JEFFERSON CITY - While the St. Louis Cardinals may have missed out on the World Series this year, they did receive $100,000 in federal recovery money.
Missouri's Health Department gave the Cardinals the money for anti-smoking advertisements featuring pitcher Adam Wainwright and Gov. Jay Nixon. The Cardinals used the money to buy in-game ad time from Fox Sports Midwest and the Cardinals radio network, Cardinals spokesman Ron Watermon said. The commercials have resulted in a "big spike in people calling" the state's stop-smoking line, he said.
The money given to the Cardinals is a small part of the almost $1.1 billion of Federal Recovery and Reinvestment money appropriated by the General Assembly this fiscal year.
According to state Budget Director Linda Luebbering, the state already received about $2 billion in total budget stabilization funds from the federal government, with the rest of the money expected to be spent in next year's budget.
In addition, Luebbering said the state expects another $2 billion to put toward creating jobs and stimulating the economy. The exact number is not known, as some of the money will come in the form of competitive grants that must be applied for, she said.
As of Dec. 17, the state Labor Department has spent more than $550 million. That money, paid out for unemployment benefits, is separate from either the stabilization or recovery money, according to Luebbering.
On Nov. 6, the federal government extended the amount of time eligible people can receive unemployment as long as the state has an unemployment rate of at least 8.5 percent, and a small number of claimants can receive payments for up to 99 weeks, Labor Department spokeswoman Amy Susan said. The federal government currently is paying all unemployment claims in Missouri, as the state's trust fund is more than $360 million in debt, she said. The state normally has to pay the first 20 weeks of a person's unemployment benefits, which is usually funded by taxes on employers. Missouri will be eventually required to reimburse the federal government for these payments.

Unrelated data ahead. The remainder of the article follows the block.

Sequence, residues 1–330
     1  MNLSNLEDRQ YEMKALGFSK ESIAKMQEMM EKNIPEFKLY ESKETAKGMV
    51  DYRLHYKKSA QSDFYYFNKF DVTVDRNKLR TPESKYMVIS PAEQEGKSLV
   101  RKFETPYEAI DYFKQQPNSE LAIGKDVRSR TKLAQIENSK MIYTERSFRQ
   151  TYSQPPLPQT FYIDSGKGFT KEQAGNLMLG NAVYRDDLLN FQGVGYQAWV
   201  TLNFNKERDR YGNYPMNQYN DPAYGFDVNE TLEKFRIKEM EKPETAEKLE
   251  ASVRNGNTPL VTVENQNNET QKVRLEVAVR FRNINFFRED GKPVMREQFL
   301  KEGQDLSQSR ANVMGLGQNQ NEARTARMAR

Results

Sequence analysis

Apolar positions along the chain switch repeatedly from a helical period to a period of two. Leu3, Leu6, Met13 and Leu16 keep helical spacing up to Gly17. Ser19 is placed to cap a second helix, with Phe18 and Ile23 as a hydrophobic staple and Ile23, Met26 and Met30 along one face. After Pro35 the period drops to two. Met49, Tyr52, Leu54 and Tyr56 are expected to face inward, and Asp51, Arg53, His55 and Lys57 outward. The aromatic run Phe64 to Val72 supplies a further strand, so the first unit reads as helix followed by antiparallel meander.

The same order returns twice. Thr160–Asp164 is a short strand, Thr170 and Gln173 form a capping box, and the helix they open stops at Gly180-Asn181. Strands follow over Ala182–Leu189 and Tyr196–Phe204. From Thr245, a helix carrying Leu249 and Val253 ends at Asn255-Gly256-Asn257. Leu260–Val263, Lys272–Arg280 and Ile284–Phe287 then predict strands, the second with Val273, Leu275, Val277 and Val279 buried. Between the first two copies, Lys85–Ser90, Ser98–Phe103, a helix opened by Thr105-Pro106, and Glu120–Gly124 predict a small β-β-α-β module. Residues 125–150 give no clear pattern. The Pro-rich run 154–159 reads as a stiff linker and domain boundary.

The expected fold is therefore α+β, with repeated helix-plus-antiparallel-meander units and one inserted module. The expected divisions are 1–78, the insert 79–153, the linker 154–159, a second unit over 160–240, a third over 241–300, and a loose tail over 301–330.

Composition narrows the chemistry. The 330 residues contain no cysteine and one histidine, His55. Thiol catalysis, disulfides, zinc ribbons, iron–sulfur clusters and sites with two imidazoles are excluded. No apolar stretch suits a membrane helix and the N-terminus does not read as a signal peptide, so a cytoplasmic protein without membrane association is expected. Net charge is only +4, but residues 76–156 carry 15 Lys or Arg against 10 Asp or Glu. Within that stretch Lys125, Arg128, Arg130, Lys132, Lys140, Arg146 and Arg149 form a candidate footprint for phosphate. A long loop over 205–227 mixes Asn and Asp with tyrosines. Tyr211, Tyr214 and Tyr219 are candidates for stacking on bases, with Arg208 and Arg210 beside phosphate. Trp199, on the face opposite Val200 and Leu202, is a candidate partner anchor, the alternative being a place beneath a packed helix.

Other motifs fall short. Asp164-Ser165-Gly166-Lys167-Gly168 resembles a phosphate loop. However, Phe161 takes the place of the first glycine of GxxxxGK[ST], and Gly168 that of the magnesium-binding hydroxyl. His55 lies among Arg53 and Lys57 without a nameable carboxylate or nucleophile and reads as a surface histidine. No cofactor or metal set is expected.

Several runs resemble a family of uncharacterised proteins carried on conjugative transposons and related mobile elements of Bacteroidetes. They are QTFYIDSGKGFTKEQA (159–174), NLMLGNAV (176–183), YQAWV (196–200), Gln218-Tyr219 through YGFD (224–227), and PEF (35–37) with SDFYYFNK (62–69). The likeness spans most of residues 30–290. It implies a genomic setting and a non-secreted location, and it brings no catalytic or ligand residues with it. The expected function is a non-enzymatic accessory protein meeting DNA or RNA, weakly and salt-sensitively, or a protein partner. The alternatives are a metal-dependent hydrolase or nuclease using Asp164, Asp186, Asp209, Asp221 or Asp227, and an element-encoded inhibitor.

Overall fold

The Transportation Department has spent more than $160 million in stimulus money on new transportation projects. Chester Bross Construction, of Hannibal, has received almost $33 million of this money for road paving and construction projects, according to documents provided by Transportation Department spokeswoman Sally Oxenhandler.
Members of the Complete Count Committee, a project designed inform and motivate Missourians to participate in the 2010 Census, received a small amount money from the Office of Administration for meeting and travel purposes.
Rep. Dennis Wood, R-Kimberling City- who received $176 - and Brenda Shields, the wife of Senate President Pro Tem Charlie Shields - who received $410 - are both members of the committee. The committee is important, Wood said, to ensure all Missourians are accurately counted in the 2010 Census. Since seats in the U.S. Congress are appropriated based on state population, Wood said there is concern that Missouri may lose a representative if the state's population is under-counted.
Some receiving recovery money are unaware of the origin of the funds.
William Alberty, associate circuit judge for Knox County, said he had no idea the more than $2,000 he received for travel related expenses came from federal recovery funds. Some judges are reimbursed for travel and lodging expenses when they hear trials in other counties, State Courts Administrator Greg Linhares said.
The courts have no specific policy on why some judges were paid out of stimulus funds and other paid out of the judiciary's regular budget, Linhares said, adding that determinations on what fund would be used to pay for expenses was based on how much was available in each.